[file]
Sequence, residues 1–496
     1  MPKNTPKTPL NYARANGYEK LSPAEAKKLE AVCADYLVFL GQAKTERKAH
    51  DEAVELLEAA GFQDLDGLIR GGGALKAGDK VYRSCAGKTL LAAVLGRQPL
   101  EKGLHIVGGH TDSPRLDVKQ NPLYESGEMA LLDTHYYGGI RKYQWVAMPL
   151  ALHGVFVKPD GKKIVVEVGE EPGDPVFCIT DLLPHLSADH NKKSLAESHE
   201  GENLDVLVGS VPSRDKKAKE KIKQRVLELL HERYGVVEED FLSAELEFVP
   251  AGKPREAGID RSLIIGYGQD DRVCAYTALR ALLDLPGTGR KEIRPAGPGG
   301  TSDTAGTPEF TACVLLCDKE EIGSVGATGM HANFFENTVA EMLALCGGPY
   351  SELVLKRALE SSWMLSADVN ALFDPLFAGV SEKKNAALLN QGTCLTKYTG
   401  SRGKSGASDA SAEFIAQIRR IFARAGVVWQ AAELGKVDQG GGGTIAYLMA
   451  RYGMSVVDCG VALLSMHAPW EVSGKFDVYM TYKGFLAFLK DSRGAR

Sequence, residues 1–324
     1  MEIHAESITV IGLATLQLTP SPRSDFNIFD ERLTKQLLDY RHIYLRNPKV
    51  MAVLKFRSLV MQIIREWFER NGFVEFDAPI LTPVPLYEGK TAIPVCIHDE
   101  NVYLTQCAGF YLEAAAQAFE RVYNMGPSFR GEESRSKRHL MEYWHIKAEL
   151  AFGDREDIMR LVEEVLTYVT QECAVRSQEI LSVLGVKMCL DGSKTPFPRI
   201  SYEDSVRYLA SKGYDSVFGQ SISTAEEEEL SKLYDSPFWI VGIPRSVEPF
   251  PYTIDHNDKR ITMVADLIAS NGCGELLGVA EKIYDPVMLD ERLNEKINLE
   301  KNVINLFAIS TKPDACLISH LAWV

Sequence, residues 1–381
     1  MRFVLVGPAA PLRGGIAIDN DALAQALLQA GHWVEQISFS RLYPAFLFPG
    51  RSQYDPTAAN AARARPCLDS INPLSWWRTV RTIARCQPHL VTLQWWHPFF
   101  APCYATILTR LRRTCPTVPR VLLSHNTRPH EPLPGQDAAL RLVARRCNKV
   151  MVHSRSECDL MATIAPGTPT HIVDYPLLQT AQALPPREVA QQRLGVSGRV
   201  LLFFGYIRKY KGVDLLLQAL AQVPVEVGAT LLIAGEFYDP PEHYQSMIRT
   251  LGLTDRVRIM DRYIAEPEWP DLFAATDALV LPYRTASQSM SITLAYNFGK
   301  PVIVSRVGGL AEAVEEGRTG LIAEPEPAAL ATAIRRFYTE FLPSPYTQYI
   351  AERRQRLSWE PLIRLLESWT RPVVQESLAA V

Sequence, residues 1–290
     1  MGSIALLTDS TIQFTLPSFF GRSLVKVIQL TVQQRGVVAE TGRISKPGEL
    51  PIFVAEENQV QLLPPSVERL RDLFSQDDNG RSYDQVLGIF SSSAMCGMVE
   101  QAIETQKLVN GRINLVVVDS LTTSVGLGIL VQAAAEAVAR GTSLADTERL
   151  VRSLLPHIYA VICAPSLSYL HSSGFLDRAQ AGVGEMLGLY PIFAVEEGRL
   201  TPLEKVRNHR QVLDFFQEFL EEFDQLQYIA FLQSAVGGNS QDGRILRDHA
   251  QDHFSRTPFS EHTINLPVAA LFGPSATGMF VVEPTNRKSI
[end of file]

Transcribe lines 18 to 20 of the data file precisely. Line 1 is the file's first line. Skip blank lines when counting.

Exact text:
   251  PYTIDHNDKR ITMVADLIAS NGCGELLGVA EKIYDPVMLD ERLNEKINLE
   301  KNVINLFAIS TKPDACLISH LAWV

Sequence, residues 1–381